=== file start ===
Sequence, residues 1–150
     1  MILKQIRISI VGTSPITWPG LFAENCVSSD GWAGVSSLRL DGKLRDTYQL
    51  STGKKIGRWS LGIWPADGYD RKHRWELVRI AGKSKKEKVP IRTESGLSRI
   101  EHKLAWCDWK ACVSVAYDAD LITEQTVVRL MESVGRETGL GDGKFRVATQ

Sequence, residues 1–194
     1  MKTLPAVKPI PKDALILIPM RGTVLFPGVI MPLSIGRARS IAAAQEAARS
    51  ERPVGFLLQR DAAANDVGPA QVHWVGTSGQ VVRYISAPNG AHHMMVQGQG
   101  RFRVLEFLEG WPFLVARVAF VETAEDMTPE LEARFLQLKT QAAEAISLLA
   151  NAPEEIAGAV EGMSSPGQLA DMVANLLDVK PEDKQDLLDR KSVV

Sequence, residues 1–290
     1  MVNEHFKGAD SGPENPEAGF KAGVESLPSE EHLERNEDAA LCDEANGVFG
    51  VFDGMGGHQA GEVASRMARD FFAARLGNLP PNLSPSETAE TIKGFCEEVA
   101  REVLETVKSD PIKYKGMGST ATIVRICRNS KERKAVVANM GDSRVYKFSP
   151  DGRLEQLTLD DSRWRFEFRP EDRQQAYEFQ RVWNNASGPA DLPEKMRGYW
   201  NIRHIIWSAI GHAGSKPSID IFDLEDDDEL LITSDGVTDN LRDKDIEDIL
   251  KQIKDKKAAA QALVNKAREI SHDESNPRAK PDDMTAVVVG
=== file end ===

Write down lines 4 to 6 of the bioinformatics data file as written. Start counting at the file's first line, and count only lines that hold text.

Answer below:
   101  EHKLAWCDWK ACVSVAYDAD LITEQTVVRL MESVGRETGL GDGKFRVATQ

Sequence, residues 1–194
     1  MKTLPAVKPI PKDALILIPM RGTVLFPGVI MPLSIGRARS IAAAQEAARS